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High Relocation Costs in Search-Matching Models: Theory and Application to Spatial Mismatch

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  • Zenou, Yves

    ()
    (Stockholm University)

Abstract

We develop a standard search-matching model in which mobility costs are so high that it is too costly for workers to relocate when a change in their employment status occurs. We show that, in equilibrium, wages increase with distance to jobs and commuting costs because firms need to compensate the transportation cost difference between the employed and unemployed workers at each location in the city. We also show that the equilibrium land rent is negatively affected by the unemployment benefit because an increase in the latter induce firms to create less jobs, which, in turn, reduces the competition in the land market. We then use this model to provide a mechanism for the observed spatial mismatch between where black workers live and where jobs are. Because blacks and whites differ by their contact rate, we show that the former reside far away from jobs, have higher unemployment rates and lower wages. This is because the housing market amplifies the negative effects of the labor market by creating additional frictions.

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Bibliographic Info

Paper provided by Institute for the Study of Labor (IZA) in its series IZA Discussion Papers with number 2739.

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Length: 32 pages
Date of creation: Apr 2007
Date of revision:
Publication status: published in: Labour Economics, 2009, 16 (5), 534-546
Handle: RePEc:iza:izadps:dp2739

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Keywords: spatial mismatch hypothesis; search frictions; spatial frictions; efficiency;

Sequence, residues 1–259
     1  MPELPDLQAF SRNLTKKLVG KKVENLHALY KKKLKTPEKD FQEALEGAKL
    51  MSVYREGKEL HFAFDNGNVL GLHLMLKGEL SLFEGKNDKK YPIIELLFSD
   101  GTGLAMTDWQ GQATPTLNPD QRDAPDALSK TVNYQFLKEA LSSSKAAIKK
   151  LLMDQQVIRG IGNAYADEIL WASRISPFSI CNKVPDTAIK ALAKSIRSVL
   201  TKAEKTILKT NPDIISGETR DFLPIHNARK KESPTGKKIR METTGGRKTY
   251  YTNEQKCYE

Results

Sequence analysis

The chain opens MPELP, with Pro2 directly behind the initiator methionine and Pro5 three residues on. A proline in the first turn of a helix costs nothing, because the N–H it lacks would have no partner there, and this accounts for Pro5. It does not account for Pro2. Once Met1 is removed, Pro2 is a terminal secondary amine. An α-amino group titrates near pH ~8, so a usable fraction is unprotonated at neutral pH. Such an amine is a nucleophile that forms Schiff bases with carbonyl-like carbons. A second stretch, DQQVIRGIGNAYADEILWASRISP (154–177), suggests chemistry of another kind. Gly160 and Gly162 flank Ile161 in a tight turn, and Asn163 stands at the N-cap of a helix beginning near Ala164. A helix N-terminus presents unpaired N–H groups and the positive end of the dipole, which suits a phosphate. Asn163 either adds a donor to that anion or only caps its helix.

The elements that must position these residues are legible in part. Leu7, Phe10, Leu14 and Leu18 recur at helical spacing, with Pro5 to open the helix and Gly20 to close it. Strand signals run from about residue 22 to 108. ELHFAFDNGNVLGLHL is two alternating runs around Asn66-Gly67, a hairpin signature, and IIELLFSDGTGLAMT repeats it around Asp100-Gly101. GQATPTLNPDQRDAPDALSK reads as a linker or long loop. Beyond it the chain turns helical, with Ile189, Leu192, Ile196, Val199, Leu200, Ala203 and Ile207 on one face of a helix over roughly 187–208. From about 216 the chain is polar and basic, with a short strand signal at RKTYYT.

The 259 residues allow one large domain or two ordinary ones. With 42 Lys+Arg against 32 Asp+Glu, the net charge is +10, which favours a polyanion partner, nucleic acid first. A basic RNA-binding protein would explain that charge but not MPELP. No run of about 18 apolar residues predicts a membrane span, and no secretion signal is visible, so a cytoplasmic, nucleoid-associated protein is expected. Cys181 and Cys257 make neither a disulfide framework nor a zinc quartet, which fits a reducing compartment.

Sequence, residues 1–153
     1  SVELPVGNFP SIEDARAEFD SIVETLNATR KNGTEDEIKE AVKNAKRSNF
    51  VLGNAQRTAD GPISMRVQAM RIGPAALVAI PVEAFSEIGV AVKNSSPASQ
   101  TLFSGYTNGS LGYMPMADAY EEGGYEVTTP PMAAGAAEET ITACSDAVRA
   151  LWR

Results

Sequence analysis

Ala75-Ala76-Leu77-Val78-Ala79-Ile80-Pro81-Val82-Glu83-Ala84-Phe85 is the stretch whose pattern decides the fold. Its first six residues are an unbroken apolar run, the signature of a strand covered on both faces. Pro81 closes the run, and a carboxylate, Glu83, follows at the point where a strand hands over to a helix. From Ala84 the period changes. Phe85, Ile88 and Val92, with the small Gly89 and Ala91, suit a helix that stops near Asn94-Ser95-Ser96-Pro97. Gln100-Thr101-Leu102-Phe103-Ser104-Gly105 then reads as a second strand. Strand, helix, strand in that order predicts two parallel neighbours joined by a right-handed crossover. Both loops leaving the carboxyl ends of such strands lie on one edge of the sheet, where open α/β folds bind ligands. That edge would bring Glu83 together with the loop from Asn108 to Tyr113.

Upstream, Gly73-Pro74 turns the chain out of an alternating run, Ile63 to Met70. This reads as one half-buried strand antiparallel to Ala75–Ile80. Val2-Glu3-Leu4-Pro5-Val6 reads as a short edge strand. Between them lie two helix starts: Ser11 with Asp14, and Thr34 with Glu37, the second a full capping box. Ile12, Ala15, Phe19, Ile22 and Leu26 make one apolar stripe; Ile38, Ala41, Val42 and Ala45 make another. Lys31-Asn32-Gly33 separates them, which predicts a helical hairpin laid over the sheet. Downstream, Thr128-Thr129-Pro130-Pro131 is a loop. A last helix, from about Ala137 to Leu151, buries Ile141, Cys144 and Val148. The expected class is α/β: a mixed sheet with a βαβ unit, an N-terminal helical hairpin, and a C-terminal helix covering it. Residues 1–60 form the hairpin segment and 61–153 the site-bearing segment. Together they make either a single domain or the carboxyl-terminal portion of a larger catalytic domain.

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References

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  1. Wasmer, Etienne & Zenou, Yves, 2004. "Equilibrium Search Unemployment with Explicit Spatial Frictions," Working Paper Series, Research Institute of Industrial Economics 615, Research Institute of Industrial Economics.
  2. Chirinko, Robert S, 1982. "An Empirical Investigation of the Returns to Job Search," American Economic Review, American Economic Association, American Economic Association, vol. 72(3), pages 498-501, June.
  3. Smith, Tony E. & Zenou, Yves, 2003. "Spatial Mismatch, Search Effort and Urban Spatial Structure," IZA Discussion Papers 692, Institute for the Study of Labor (IZA).
  4. Jos van Ommeren & Arno van der Vlist & Peter Nijkamp, 2002. "Transport-Related Fringe Benefits," Tinbergen Institute Discussion Papers 02-063/3, Tinbergen Institute.
  5. Harris Selod & Yves Zenou, 2004. "City Structure, Job Search and Labor Discrimination. Theory and Policy Implications," Working Papers, Centre de Recherche en Economie et Statistique 2004-13, Centre de Recherche en Economie et Statistique.
  6. Rogers, Cynthia L., 1997. "Job Search and Unemployment Duration: Implications for the Spatial Mismatch Hypothesis," Journal of Urban Economics, Elsevier, vol. 42(1), pages 109-132, July.
  7. Jos Van Ommeren & Michiel van Leuvensteijn, 2003. "New evidence of the effect of transaction costs on residential mobility," ERSA conference papers ersa03p7, European Regional Science Association.
  8. Zenou,Yves, 2009. "Urban Labor Economics," Cambridge Books, Cambridge University Press, Cambridge University Press, number 9780521698221.
  9. Manning, Alan, 2003. "The real thin theory: monopsony in modern labour markets," Labour Economics, Elsevier, Elsevier, vol. 10(2), pages 105-131, April.
  10. Jos van Ommeren & Arno van der Vlist & Peter Nijkamp, 2006. "Transport-Related Fringe Benefits: Implications For Moving And The Journey To Work," Journal of Regional Science, Wiley Blackwell, Wiley Blackwell, vol. 46(3), pages 493-506.